The White House issued a warning to Republicans yesterday. In the wake of the failure of the president’s health care reform bill, the Trump Administration signaled that it is willing to reach out to Democrats to advance its agenda if it can’t win support from the various Republican factions.
White House Chief of Staff Reince Priebus underscored the potential shift in strategy on “Fox News Sunday” (quoted in the Wall Street Journal). “This president is not going to be a partisan president,” Priebus said. “I think it’s time for our folks to come together, and I also think it’s time to potentially get a few moderate Democrats on board as well.”
When asked if President Trump would move on from health care reform and allow the implosion of Obamacare to run its course as he threatened in a tweet, Politico notes that Priebus answered, “I don’t think the president is closing the door on anything.”
“It’s more or less a warning shot that we are willing to talk to anyone. We always have been,” he said in Time. “I think more so now than ever, it’s time for both parties to come together and get to real reforms in this country.”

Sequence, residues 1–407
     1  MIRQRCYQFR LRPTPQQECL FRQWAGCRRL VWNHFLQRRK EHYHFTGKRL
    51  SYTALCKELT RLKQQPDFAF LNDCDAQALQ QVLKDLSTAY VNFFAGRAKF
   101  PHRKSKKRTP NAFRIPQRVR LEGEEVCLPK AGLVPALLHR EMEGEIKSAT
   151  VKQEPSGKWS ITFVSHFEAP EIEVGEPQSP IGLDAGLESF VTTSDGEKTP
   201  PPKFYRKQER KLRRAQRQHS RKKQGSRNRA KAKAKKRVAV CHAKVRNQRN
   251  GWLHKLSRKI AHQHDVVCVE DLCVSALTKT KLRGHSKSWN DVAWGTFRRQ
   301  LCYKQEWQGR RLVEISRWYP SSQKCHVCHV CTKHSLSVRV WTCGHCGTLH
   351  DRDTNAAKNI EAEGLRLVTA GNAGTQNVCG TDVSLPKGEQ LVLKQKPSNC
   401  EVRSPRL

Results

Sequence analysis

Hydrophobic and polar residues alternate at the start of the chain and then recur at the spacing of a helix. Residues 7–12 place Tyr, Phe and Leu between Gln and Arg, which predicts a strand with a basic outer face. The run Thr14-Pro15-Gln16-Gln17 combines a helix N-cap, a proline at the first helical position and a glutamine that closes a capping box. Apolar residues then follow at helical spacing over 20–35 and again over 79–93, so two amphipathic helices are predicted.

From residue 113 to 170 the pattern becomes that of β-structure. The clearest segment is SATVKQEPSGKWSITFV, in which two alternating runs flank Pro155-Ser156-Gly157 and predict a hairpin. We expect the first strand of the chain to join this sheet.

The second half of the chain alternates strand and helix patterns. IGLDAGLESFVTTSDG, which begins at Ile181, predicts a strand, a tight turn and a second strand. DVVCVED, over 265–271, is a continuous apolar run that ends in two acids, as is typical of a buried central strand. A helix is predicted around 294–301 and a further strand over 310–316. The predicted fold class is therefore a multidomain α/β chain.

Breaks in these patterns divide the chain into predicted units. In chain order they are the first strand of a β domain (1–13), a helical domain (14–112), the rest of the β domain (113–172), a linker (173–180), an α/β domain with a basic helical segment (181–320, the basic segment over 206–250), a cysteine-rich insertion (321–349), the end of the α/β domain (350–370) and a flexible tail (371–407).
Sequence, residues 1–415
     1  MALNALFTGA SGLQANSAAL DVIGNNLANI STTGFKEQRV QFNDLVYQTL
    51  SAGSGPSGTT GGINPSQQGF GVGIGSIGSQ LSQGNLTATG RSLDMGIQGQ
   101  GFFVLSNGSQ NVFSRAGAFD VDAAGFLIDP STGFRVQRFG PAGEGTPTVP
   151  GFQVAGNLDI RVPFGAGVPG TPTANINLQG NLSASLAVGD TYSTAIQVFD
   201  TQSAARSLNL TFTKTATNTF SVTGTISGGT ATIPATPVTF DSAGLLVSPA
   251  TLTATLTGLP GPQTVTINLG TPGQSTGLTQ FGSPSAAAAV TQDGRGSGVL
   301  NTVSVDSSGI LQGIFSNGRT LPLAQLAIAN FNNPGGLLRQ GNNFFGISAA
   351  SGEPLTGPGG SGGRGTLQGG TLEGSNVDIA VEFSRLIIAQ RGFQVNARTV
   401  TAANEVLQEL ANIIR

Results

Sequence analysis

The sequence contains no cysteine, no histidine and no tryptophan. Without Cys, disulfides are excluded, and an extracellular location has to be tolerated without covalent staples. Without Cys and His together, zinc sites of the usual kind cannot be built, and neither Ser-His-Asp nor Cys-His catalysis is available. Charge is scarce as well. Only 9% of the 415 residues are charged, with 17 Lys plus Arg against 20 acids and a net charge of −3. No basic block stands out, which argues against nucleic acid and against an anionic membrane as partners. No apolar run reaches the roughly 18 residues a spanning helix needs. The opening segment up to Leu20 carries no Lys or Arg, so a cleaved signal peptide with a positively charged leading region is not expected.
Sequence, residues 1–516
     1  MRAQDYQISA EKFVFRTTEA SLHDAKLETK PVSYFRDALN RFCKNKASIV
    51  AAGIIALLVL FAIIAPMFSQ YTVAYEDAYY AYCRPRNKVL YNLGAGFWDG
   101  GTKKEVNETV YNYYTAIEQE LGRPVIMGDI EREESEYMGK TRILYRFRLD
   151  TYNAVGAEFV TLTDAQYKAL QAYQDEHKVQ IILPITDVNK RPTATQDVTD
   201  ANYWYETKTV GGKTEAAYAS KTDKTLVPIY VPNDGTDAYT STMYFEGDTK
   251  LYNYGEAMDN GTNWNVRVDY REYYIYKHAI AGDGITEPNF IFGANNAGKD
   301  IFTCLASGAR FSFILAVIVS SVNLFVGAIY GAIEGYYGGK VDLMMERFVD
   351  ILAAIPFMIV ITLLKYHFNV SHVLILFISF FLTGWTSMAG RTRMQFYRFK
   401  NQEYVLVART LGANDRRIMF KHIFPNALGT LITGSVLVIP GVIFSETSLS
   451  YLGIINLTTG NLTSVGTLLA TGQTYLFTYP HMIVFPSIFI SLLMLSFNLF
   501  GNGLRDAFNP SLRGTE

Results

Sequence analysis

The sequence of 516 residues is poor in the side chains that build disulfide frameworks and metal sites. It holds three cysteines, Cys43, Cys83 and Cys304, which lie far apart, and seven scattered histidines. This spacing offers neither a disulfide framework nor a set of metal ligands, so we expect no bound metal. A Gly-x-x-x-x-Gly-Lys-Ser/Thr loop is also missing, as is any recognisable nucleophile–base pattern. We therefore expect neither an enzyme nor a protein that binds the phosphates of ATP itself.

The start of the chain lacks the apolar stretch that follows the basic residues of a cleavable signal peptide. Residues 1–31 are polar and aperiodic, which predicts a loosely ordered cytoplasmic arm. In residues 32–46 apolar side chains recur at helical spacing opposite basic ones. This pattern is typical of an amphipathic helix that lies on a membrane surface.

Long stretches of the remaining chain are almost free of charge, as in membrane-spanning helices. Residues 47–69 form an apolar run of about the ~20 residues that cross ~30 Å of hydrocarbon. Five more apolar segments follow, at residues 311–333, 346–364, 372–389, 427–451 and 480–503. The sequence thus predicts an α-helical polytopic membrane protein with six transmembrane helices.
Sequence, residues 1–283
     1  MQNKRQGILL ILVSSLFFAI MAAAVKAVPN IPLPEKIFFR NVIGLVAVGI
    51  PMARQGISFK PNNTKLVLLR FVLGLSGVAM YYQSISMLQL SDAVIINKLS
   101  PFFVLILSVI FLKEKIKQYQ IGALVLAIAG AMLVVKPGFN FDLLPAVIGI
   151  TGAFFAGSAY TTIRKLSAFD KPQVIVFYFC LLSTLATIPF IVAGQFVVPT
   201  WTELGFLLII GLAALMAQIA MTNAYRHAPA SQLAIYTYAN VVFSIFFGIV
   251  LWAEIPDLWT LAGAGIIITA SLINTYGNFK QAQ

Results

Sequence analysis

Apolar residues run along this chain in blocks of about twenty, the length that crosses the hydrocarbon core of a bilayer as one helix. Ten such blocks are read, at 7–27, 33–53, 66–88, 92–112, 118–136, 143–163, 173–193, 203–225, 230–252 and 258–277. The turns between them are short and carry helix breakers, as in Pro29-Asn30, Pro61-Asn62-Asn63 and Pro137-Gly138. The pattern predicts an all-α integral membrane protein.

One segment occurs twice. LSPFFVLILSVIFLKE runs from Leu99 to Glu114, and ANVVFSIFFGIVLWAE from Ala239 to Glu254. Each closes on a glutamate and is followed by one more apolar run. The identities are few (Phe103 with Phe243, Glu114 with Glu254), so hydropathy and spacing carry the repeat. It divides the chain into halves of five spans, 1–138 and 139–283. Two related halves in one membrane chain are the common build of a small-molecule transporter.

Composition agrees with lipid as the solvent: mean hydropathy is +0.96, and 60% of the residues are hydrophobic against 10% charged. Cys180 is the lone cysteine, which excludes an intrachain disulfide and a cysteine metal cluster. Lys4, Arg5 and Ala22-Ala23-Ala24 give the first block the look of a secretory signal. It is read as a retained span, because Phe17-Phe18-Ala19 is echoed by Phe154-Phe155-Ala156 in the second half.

Since the decision to remove the AHCA bill from consideration on Friday, President Trump has alternately blamed the Democrats, blamed the House Freedom Caucus and reached out to Democrats.
The Washington Times reports that Senate Minority Leader Chuck Schumer (D-N.Y.) was receptive to Trump’s overtures. “We Democrats, provided our Republican colleagues drop [repeal and replace] and stop undermining the ACA, are willing to work with our Republican friends — as long as they say no more repeal,” Mr. Schumer said. Schumer added in Time that, “if he changes, he could have a different presidency.”
With Republicans holding 52 seats in the Senate, virtually all reform legislation is subject to Democrat filibusters. A minimum of eight Democrats must cross over to kill the filibuster and allow a vote on any individual bill.
The Resurgent speculated in January that President Trump might forge a bipartisan coalition of moderate Democrats and Republicans on a number of issues where the president’s platform is at odds with traditional Republican principles. During the campaign, Mr. Trump said that he wouldn’t mind being a “free agent” in his dealings with Congress.
The price for dealing with the Democrats on health care would be giving up the full repeal of Obamacare. Republicans currently don’t have enough votes for repeal, but many, including those in the House Freedom Caucus, would refuse to vote for anything less. The price of bringing Democrats on board other items in the Republican agenda, from tax reform to immigration, is likely to be just as unpalatable.
The more the president moves to the left to appeal to Democrats, the more Republicans he will lose. The question is whether he can find a workable majority in the middle.